--add --name=v1 --type secret \ 
    --secret-name demo-secret \ 
    --mount-path /app-secrets 

results in:

apiVersion: v1
metadata:
  name: demo
spec:
  template:
    spec:
      volumes: 
        - name: v1
          secret:
            secretName: demo-secret
            defaultMode: 420
      containers:
        volumeMounts: 
            - name: v1
              mountPath: /data

oc new-app comes with templated deployment and svc, auto fills fields like label, strategy, spec and etc, but leave env empty. Using oc set env --from secret/review-secret --prefix MYSQL_ on top of it will cause system automatically map container image exposed env opts to deployment yaml(the detection may based on image or database on redhat, not sure), e.g: a mysql image which has DATABASE, PASSWORD and USER env exposed in its image file will end up with mapping these keys with defined secret value. Here --prefix MYSQL_ will add default capital keys with defined prefix. If the actual value in secret doesn’t exist, the pod will have no env input injected.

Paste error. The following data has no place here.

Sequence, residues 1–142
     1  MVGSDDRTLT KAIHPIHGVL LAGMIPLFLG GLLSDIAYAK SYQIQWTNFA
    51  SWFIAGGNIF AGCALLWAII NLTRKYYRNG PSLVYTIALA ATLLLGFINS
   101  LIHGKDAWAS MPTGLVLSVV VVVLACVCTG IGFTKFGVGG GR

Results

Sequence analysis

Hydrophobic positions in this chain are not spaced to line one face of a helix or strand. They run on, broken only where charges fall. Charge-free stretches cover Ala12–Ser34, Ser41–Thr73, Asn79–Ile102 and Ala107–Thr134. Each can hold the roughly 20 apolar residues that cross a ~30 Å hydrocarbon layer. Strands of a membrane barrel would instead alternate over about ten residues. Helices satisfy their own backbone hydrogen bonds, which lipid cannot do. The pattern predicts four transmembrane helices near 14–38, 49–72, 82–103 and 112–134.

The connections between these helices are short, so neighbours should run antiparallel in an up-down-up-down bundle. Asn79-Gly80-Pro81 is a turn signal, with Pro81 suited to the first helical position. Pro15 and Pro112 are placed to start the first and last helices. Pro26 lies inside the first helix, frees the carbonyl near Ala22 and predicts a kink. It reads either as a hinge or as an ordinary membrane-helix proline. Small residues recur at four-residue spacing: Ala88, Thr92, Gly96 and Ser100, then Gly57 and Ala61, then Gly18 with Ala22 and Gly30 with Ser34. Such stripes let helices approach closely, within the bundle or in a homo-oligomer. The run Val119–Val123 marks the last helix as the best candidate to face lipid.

# secret review-secret needs to have database, password, and user key fields 
env:
  - name: MYSQL_DATABASE
    valueFrom:
      secretKeyRef: 
        name: database    
        key: review-secret   
  - name: MYSQL_PASSWORD
    valueFrom:
      secretKeyRef: 
        name: password    
        key: review-secret  
  - name: MYSQL_USER
    valueFrom:
      secretKeyRef: 
        name: user   
        key: review-secret 

Of cause you can also set all these env with

oc new-app --name mysql --image registry.redhat.io/rhel8/mysql-80:1 MYSQL_DATABASE=xxx MYSQL_PASSWORD=yyy MYSQL_USER=zzz

SCC